As yet another example of the glorious failure of foreign language education in the United States, I have a less-than-stellar ability to speak Spanish. In fact, my Spanish is complete shit.
Nevertheless, armed with the willful blindness toward reality typical to all gringos of the U.S. variety, I figured moving to Colombia with poor Spanish ain’t no thang. Language barrier? Nothing to fret about – I can unilaterally push through it like an invading army rolling through some unlucky Middle Eastern country. I’m an American goddammit.
Well, I was wrong.
With the hope of helping my fellow monolinguals avoid my mistakes and enjoy the wonders of this country (without the pesky task of learning the native tongue), I’ve prepared the following Monolingual Survival Guide®. Hopefully, this small collection of hints and tips will help keep you from starving to death or being completely bored during your visit.
Before getting started, there are a few skills that every monolingual tourist needs to master.
First, and especially if you are travelling alone, you must learn to embrace total and utter confusion. Get used to having little to no idea of what’s going on around you.
Secondly, find a mirror and practice what I call the ‘Well-Intentioned Foreigner Look.’ Most human communication is non-verbal, if you have a face that says ‘I have no idea what you are saying but I’m a nice person’ you’ll find that the locals will be much more willing to help your poor ass out.
Finally, have a self-deprecating phrase in Spanish in your back pocket to help break the ice with people you encounter. Something like ‘No entiendo, soy un gringo estupido’ meaning ‘I don’t understand, I’m a stupid gringo’ will be sure to get some laughs and endear you to strangers (and let’s be honest, if you are travelling in Latin America without any Spanish it’s probably true.)
These three skills basically reflect and communicate your understanding that ‘I’m the asshole who decided to visit a country without speaking the language but am here with a sense of respect and humility. Please don’t rob me.’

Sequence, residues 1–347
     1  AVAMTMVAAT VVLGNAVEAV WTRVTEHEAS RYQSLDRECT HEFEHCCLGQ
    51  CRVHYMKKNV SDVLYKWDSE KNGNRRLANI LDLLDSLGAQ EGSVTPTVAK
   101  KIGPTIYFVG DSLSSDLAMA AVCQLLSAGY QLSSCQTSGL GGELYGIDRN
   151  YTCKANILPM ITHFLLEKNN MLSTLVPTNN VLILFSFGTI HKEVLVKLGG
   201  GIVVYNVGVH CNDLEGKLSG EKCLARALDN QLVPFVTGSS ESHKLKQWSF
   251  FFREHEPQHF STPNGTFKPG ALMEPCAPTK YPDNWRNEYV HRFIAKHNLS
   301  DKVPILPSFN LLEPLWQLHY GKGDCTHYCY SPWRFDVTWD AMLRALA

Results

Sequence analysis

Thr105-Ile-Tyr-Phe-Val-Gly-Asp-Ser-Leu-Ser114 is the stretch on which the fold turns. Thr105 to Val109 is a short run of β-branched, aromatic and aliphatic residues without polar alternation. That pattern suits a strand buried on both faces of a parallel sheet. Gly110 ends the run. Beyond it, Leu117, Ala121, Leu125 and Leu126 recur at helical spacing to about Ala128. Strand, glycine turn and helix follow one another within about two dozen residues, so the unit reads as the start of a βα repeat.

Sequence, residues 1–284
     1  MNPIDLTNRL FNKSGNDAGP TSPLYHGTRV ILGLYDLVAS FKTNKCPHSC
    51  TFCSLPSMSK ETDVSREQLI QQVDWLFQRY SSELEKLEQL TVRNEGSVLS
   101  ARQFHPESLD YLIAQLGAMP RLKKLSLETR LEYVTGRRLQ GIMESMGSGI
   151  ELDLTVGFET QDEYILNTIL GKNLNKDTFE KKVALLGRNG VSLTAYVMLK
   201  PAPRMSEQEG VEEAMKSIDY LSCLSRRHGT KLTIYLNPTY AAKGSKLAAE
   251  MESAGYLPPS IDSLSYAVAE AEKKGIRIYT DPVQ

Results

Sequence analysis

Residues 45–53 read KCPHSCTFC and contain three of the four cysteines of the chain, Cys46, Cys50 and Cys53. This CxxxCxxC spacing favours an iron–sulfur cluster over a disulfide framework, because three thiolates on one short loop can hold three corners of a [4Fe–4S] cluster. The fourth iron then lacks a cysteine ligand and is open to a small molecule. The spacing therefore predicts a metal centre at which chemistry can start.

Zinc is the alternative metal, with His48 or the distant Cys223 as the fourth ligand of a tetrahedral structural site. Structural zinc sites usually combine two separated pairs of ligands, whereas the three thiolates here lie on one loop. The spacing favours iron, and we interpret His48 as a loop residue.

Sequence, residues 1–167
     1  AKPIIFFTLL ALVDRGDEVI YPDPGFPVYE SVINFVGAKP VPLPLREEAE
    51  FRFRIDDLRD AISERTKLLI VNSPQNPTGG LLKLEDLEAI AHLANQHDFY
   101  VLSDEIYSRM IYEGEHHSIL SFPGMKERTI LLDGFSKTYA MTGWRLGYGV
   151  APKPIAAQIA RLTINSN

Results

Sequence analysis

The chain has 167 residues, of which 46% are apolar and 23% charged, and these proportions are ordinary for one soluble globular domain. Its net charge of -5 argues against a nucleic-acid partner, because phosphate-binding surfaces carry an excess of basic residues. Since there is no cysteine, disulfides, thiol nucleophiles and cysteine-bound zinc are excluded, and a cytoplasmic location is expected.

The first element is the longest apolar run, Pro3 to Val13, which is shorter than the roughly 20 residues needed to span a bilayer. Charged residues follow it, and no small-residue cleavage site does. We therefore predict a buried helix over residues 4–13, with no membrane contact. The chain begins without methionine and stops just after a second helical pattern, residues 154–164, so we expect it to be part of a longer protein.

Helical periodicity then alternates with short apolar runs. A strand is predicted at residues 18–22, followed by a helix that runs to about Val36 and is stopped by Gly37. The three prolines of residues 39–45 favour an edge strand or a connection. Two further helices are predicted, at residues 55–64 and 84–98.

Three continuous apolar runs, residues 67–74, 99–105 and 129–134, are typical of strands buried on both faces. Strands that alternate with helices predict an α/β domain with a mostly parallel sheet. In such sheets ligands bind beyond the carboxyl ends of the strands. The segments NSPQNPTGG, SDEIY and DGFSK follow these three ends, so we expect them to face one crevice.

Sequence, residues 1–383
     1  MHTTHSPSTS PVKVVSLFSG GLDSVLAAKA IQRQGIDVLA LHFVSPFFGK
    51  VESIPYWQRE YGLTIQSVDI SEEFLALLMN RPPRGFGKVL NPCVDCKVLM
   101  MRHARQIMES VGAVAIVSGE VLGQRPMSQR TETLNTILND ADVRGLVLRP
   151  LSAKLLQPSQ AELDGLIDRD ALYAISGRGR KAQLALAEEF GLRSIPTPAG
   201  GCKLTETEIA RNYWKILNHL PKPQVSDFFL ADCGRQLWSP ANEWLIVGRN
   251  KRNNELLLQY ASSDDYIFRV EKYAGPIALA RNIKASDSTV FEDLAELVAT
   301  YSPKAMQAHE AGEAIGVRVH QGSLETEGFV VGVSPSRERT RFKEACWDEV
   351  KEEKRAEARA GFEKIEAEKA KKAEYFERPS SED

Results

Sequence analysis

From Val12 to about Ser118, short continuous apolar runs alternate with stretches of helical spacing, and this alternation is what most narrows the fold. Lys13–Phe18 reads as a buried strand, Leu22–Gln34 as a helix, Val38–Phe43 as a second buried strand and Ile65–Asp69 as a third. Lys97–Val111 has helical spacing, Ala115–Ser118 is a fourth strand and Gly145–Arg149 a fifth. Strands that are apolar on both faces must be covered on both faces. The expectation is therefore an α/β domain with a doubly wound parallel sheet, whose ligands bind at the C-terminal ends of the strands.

Now that you’ve got the soft skills down, chances are you’ll need to eat food.
For the monolingual traveler, the great thing about restaurants is that they have menus, meaning at the very least you can always just point at something, smile, and hope for the best. And in fact, many typical restaurants have a daily lunch menu called corrientazo, which encourage you to do just that.
Most of these include three courses and a beverage for less than 10,000 pesos. Common items: carne (beef), pollo (chicken), cerdo (pork), arroz (rice), patacónes (fried plantains), papas (potatoes), frijoles (beans), sopa (soup), ensalada (salad), chicharron (don’t ask), and of course cerveza. Gratuity is almost always included.
Another great (and cheap) alternative, especially if you have access to a kitchen, is going to the nearest supermarket. Not only will you avoid making a fool out of yourself by trying to speak Spanish, but you’ll also have the opportunity to try out Colombia’s fabulous selection of fresh produce, including many fruits and veggies not available outside of the tropics.
Make sure to always keep your eye on the register, so you see how much you have to pay without having to learn numbers.
Of course, you may need help figuring out the proper way to eat some of the stuff you bought – things can get complicated really fast (‘Do I eat the frog-egg-looking things inside the granadilla or will they kill me?’).
But generally speaking, nothing bought in Colombian supermarkets is likely to kill you.
Author Jim Merrell has his own weblog, Gringo in Colombia